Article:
Growing Pains of the Republic (1801 – 1856)

In passing…

Thomas Jefferson

Ten days before the 50th anniversary of the signing of that historical document, and being in poor health, Jefferson was forced to decline an invitation by the committee to honor he and the others, who had so boldly gone where no man had gone before. He sent a letter, which included the following words:

I should, indeed, with peculiar delight, have met and exchanged there, congratulations personally with the small band, the remnant of that host of worthies, who joined with us on that day, in the bold and doubtful election we were to make for our country, between submission or the sword, and to have enjoyed with them the consolatory fact, that our fellow citizens, after half a century of experience and prosperity, continue to approve the choice we made. May it be to the world, what I believe it will be (to some parts sooner, to others later, but finally to all), the signal of arousing men to burst the chains under which monkish ignorance and superstition had persuaded them to bind themselves, and to assume the blessings and security of self-government. That form which we have substituted, restores the free right to the unbounded exercise of reason and freedom of opinion. All eyes are opened, or opening, to the rights of man. The general spread of the light of science has already laid open to every view the palpable truth, that the mass of mankind has not been born with saddles on their backs, nor a favored few booted and spurred, ready to ride them legitimately, by the Grace of God. These are grounds of hope for others.”

John Adams

On the eve of the 50th anniversary of the signing of the Declaration of Independence, Thomas Jefferson was in his home at Monticello, struggling to stay alive for one more day. Some 500 miles away in Quincy, Massachusetts, John Adams also lay dying. Adams passed away early on the day of the fourth, his last words reflecting the thoughts of an old friend; “Thomas Jefferson still survives.” Shortly after midnight, Jefferson awoke and asked his granddaughter who stood at his bedside, “Is it the fourth?” She said that it was, and then perhaps, he smiled. In one of the most remarkable coincidences in history, Thomas Jefferson and John Adams – the two great architects of the Declaration of Independence – died within hours of each other on July 4th, 1826, fifty years after they gave birth to this great land of liberty.

John Quincy Adams, Plymouth, Massachusetts, December 22, 1802
        …in Commemoration of the Landing of the Pilgrims

Gouverneur Morris ~ 1804
“I charge you to protect his fame. It is all that he has left.”

Red Jacket Chief, of the Seneca Tribe (1805)
        “Brother, we do not wish to destroy your religion or take it from you. We only want to enjoy our own.”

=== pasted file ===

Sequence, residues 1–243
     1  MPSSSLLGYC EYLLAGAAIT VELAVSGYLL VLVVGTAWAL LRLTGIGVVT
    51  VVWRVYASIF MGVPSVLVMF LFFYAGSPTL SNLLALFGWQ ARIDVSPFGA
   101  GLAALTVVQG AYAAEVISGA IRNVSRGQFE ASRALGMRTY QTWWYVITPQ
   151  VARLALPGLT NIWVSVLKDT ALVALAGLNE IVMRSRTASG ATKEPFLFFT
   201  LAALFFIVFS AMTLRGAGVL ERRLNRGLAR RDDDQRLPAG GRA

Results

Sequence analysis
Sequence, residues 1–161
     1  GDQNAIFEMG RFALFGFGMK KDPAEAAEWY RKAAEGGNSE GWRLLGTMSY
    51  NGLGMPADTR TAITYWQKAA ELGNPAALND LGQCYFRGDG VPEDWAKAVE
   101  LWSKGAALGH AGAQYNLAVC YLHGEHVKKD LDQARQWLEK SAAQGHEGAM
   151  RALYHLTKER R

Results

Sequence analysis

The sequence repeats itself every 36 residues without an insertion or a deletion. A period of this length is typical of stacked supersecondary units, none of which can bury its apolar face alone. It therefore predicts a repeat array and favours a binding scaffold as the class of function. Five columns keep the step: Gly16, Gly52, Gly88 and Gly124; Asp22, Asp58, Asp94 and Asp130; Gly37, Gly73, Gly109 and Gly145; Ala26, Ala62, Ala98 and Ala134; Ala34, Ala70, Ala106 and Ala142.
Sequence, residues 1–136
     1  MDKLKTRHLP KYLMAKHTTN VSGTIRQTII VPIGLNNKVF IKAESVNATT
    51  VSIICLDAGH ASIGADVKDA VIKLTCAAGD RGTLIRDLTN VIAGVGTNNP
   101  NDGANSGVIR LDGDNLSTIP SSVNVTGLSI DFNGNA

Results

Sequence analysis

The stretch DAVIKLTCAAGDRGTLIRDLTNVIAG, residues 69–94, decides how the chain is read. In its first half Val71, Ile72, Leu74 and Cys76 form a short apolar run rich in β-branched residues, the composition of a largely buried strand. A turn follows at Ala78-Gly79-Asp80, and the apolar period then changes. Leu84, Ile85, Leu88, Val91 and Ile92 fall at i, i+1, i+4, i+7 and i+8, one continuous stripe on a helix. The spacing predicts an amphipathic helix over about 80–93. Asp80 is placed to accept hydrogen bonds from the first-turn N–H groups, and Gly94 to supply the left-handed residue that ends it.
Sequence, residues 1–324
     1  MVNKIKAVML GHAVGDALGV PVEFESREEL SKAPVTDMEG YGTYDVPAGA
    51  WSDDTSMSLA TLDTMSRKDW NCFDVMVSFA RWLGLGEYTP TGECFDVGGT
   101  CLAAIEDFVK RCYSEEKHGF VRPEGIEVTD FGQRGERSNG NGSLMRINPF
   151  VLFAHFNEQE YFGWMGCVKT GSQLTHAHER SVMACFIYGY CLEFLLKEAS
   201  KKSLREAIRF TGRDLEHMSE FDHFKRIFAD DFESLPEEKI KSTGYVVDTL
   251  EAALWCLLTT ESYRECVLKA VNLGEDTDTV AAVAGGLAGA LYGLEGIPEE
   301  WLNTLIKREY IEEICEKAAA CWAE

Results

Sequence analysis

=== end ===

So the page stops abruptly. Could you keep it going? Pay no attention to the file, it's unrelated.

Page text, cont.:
President James Monroe (1823) – The Monroe Doctrine

Congressman Daniel Webster (1825)
“Mind is the great lever of all things; human thought is the process by which human ends are ultimately answered.”

Edward Everett ~ 1826
“The fabric of American freedom . . . may crumble into dust. But the cause in which these our fathers shone is immortal.”

Andrew Jackson and the Bankers (1832)

John C. Calhoun (1833) – On Nullification and the Force Bill

President Andrew Jackson – Second Inaugural Address
        “Without union, our independence and liberty would never have been achieved; without union they never can be maintained.”

Lt. Col. William Barret Travis (February 24, 1836)
“I call on you in the name of Liberty, of patriotism & everything dear to the American character, to come to our aid, with all dispatch.”

Mission San Antonio de Valero (1836)

Texas Declares Independence from Mexico ~ March 2, 1836
        “When a government has ceased to protect the lives, liberty, and property of the people, from whom its legitimate powers are derived, and for the advancement of whose happiness it was instituted; and so far from being a guarantee for their inestimable and inalienable rights, becomes an instrument in the hands of evil rulers for their oppression”

Wendell Phillips, Abolitionist (December 1837)
         “When he fell, civil authority was trampled underfoot.”

John Quincy Adams (1841) – Before the Supreme Court on Amistad

Jefferson Davis, (1845) ~ Eulogy on the Life and Character of Andrew Jackson

Treaty of Guadalupe Hidalgo (1848)

Henry David Thoreau ~ Resistance to Civil Disobedience (1849)
        “… government is best which governs least; and I should like to see it acted up to more rapidly and systematically.”

John C. Calhoun, Defender of Constitutional Government
       ” ..the greatest and gravest question that ever can come under your consideration: How can the Union be preserved?”

Senator Rufus Choate, November 26, 1850
        “There are influences that never sleep.”

Henry Clay, The Great Compromiser (1850)
       “Let us look to our country and our cause, elevate ourselves to the dignity of pure and disinterested patriots.”

Fugitive Slave Act (September 18, 1850)

The Gadsden Purchase (1853)

Charles Sumner (May 1856)
“An essential wickedness that makes other public crimes seem like public virtues.”

Robert E. Lee: Opinion Regarding Slavery (December 27, 1856)

… and much, much more! ~ Editor